Many people dream of working from the comfort of their own home – some even stay awake to pursue those dreams – but what nobody ever tells you is that it’s tough. If you’re not chasing work, you’re chasing invoices, and in particular the service industry can be one bumpy ride.
I worked at home for a few years as a web developer and internet marketer. I saw through the austere times as well as the times of prosperity, and even though I work in a full-time job now, I certainly never regretted my decision to go freelance. During those years I learned a lot about what can help the day to day running of a business. In this article I would like to discuss a few tips which can help you stay strong through the hard times.
Plan everything, and have a backup plan too!
If there is one thing I learnt it’s that you need to plan your actions – and have a backup plan, because things rarely do go to plan! Sounds like a paradox? It is, but this doesn’t mean you would be better off without one.
Remember the mantra – if you fail to plan, you plan to fail. In business, this is very true.
Set yourself a weekly schedule. What helped me most was putting this schedule together on a Sunday evening which prepared me for the week ahead. Of course, you need a long-term business plan in effect to be successful, but don’t discount the here and now.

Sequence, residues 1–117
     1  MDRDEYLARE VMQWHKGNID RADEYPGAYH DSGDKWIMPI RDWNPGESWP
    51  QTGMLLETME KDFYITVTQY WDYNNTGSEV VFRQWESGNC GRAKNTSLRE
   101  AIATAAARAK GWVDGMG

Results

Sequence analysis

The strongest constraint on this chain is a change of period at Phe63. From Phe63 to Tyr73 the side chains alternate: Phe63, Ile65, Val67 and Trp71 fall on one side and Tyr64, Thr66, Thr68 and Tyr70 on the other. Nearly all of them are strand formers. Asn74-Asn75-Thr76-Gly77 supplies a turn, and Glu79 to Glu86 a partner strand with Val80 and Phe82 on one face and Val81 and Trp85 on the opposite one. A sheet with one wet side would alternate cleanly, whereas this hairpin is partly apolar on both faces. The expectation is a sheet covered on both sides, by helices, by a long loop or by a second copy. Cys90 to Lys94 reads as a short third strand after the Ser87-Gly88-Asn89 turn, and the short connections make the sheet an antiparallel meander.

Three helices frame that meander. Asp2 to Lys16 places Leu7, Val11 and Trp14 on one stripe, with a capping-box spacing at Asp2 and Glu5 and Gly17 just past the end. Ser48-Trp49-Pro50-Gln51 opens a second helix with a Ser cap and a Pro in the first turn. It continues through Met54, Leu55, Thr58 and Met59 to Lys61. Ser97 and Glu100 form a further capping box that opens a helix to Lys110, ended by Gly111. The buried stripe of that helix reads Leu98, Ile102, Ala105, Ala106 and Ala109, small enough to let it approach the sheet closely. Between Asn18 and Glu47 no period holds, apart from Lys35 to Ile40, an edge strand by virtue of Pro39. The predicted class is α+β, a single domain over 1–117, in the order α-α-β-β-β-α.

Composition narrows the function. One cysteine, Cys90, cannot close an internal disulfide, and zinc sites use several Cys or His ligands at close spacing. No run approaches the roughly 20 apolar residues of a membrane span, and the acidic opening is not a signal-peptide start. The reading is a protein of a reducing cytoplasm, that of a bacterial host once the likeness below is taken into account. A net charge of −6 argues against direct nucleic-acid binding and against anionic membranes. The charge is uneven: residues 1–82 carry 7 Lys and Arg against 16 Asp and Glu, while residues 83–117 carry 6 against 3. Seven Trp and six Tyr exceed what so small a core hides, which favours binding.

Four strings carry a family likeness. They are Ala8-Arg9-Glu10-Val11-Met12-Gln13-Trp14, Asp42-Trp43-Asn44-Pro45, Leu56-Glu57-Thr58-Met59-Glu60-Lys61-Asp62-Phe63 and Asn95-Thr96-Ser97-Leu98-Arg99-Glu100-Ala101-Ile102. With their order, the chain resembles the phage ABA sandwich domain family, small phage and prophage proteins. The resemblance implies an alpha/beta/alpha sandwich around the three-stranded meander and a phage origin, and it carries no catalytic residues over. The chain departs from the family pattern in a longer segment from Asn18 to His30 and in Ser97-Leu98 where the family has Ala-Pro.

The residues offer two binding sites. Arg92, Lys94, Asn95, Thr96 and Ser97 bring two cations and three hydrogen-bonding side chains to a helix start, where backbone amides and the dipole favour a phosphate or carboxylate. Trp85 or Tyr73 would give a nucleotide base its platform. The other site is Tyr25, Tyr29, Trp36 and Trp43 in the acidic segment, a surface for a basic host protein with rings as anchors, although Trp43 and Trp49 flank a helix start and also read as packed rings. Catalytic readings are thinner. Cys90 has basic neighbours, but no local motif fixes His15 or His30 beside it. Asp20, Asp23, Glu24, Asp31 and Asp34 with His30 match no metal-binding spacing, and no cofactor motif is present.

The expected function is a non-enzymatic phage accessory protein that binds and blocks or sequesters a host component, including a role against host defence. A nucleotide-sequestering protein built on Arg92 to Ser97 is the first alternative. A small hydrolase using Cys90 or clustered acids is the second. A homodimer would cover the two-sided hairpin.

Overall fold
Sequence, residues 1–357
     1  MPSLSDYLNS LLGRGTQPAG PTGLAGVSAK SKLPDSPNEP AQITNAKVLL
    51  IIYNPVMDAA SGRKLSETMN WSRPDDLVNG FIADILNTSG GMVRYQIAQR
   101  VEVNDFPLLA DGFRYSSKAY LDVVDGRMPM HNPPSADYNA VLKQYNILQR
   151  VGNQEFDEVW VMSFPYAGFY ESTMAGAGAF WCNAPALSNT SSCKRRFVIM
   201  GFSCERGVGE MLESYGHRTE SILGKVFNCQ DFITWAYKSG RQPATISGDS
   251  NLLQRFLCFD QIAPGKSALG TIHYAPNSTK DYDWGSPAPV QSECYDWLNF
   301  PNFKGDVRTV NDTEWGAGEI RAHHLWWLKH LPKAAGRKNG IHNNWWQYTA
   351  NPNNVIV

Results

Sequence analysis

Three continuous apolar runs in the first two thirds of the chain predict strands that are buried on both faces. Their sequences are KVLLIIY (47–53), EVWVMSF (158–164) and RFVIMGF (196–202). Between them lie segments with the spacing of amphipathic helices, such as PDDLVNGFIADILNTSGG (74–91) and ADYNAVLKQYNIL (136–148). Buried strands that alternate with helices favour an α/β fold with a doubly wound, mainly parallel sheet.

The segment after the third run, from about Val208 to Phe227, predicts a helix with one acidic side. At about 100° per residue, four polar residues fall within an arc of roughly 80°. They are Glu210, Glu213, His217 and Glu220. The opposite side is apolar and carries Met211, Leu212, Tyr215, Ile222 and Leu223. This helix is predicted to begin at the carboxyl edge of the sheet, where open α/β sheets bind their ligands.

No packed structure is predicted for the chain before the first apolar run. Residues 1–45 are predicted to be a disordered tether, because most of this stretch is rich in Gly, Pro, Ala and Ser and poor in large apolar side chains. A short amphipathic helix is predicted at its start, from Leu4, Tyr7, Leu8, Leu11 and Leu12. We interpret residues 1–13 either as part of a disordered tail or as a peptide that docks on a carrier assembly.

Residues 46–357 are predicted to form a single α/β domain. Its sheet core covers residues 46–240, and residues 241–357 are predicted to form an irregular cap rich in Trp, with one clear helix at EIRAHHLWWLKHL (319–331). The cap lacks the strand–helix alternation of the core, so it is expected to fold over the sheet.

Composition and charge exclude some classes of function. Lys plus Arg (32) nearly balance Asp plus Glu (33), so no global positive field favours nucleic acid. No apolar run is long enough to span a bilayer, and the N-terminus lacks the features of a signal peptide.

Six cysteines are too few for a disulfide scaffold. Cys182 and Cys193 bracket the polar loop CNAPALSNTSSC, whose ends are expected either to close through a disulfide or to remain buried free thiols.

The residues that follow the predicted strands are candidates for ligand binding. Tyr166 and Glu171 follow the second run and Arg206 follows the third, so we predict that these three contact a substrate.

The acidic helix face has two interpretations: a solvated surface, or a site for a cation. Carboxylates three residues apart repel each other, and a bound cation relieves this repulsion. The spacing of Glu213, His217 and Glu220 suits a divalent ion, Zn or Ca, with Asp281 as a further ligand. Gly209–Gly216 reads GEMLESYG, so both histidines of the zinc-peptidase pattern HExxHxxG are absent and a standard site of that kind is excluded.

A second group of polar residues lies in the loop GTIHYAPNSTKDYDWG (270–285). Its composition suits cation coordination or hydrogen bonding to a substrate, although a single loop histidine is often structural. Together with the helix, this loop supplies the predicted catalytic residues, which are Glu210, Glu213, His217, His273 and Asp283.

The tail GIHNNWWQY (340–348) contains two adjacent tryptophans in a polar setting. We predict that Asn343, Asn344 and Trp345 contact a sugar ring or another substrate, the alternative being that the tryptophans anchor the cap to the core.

Get OUT there
It doesn’t matter what you do, you need to network with those in and around your business niche. This won’t only help you to keep sane, it will give you insights into what is going on within the industry and keep you on the radar of people who could potentially help you out (or vice versa) in the future.
Every city hosts networking events, and major cities host conferences for just about every industry going. So hit the internet and find the get meet ups near you.
Save money wherever possible
Isn’t it odd that the richest people also seem to be the tightest with their money? That’s because you don’t accumulate wealth by being frivolous with your cash! Open a savings account and put money aside for a rainy day, for tax or, if you are really flourishing; a treat next time you win more work. Keep everything work-related somehow, and reward yourself when you achieve a goal. Don’t spend money without purpose, at least for the first year.
This post was written by Matt of Gift Scoop. Gift Scoop reviews a number of work at home products for people who run small businesses and work from their home or shared office space.